Reading Lawrence: The White Peacock (1911)

When I was researching my dissertation chapter on D.H. Lawrence, I made it two-thirds of the way through his first novel, The White Peacock (1911). Since I wanted to get the chapter done as soon as possible, however, and since most Lawrence scholarship on his "major" novels rarely comment on his earliest work, I abandoned my efforts to read through the novel as well as all other early Lawrence (novels, poems, stories, etc.). Near the end of the fall semester here at URI, I decided it was time—now over two years out of graduate school—to return to Lawrence and to work my way through his early stuff. 778729I won't go into great detail here. I just want to share a moving passage near the end of the novel. The narrator, Cyril Beardsall, returns to and finds his childhood and young adult home of Nethermere quite different:

I wandered around Nethermere, which had now forgotten me. The daffodils under the boat-house continued their golden laughter, and nodded to one another in gossip, as I watched them, never for a moment pausing to notice me. The yellow reflection of daffodils among the shadows of grey willow in the water trembled faintly as they told haunted tales in the gloom. I felt like a child left out of the group of my playmates. There was a wind running across Nethermere, and on the eager water blue and glistening grey shadows changed places swiftly. Along the shore the wild birds rose flapping in expostulation as I passed, peewits mewing fiercely round my head, while two white swans lifted their glistening feathers till they looked like grand double water-lilies, laying back their orange beaks among the petals, and fronting me with haughty resentment, charging towards me insolently.

I wanted to be recognised by something. I said to myself that the dryads were looking out for me from the wood's edge. But as I advanced they shrank, and glancing wistfully, turned back like pale flowers falling in the shadow of the forest. I was a stranger, an intruder. Among the bushes a twitter of lively birds exclaimed upon me. Finches went leaping past in bright flashes, and a robin sat and asked rudely "Hello! Who are you?"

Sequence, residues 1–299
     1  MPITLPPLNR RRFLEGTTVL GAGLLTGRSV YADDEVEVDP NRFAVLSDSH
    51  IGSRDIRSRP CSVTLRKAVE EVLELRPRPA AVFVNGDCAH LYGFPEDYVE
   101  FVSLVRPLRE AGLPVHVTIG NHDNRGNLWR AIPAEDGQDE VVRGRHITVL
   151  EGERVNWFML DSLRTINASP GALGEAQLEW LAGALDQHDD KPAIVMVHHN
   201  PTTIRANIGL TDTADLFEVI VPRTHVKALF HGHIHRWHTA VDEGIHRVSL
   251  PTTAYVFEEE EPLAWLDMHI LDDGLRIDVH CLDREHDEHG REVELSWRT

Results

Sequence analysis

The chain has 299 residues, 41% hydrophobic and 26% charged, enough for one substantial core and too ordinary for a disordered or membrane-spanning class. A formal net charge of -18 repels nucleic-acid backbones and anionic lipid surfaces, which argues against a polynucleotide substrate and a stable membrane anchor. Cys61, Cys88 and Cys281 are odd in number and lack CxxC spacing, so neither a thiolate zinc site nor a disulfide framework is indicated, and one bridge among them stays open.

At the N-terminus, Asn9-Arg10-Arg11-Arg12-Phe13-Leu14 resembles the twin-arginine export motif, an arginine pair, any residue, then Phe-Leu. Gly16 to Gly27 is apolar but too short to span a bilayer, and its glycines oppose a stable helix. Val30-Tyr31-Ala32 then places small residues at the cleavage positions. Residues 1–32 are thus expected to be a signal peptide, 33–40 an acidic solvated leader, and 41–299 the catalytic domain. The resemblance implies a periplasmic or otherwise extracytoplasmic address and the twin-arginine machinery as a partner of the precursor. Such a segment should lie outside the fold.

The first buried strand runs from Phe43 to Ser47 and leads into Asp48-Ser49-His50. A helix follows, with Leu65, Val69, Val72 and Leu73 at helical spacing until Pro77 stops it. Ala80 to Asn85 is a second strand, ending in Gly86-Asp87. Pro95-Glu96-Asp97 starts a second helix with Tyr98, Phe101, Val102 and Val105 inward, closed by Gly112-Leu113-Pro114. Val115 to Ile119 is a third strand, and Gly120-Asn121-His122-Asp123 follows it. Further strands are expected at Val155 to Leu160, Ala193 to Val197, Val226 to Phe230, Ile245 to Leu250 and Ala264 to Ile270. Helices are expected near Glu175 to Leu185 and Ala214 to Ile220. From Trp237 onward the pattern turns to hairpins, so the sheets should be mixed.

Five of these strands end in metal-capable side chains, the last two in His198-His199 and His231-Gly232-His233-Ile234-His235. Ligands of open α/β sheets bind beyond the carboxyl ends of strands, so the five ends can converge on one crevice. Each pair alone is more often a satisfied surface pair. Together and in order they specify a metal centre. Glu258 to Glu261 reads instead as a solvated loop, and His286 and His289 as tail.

The bracken lay sere under the trees, broken and chavelled by the restless wild winds of the long winter. The trees caught the wind in their tall netted twigs; and the young morning wind moaned at its captivity. As I trod the discarded oak-leaves and the bracken they uttered their last sharp gasps, pressed into oblivion. The wood was roofed with a wide young sobbing sound, and floored with a faint hiss like the intaking of the last breath. Between, was all the glad out-peeping of buds and anemone flowers and the rush of birds. I, wandering alone, felt them all, the anguish of the bracken fallen face-down in defeat, the careless dash of the birds, the sobbing of the young wind arrested in its haste, the trembling, expanding delight of the buds. I alone among them could hear the whole succession of chords.

The brooks talked on just the same, just as gladly, just as boisterously as they had done when I had netted small, glittering fish in the rest-pools. At Strelley Mill a servant girl in a white cap, and white apron-bands, came running out of the house with purple prayer-books, which she gave to the elder of two finicking girls who sat disconsolately with their black-silked mother in the governess cart at the gate, ready to go to church. Near Woodside there was barbed-wire along the path, and at the end of every riding it was tarred on the tree-trunks, "Private". (Cambridge Edition / Penguin Classics 306-7)

Though the main action of the novel centers on intense, awkward, and failed relations between men and women (it's Lawrence, after all!), I found myself increasingly drawn to passages like this, moments where the narrator's eye is drawn away from human beings to the landscape giving background to them all. Though there is some oddly sentimental anthropomorphism here (daffodils as an exclusionary clique; haughty, resentful water-lilies, etc.), there is also a fascinating sketch of an aching sensibility and sensitivity, a mind trained to read the natural signs around it together as a "succession of chords." I'm still learning what to make of this and how it affects my reading of this and other passages (and this and other Lawrence novels). But until then, I read on . . .

Reading Lawrence: The Trespasser (1912)

Slow Reading (2.4): Virginia Woolf's Three Guineas (pp. 6-8, 171-72)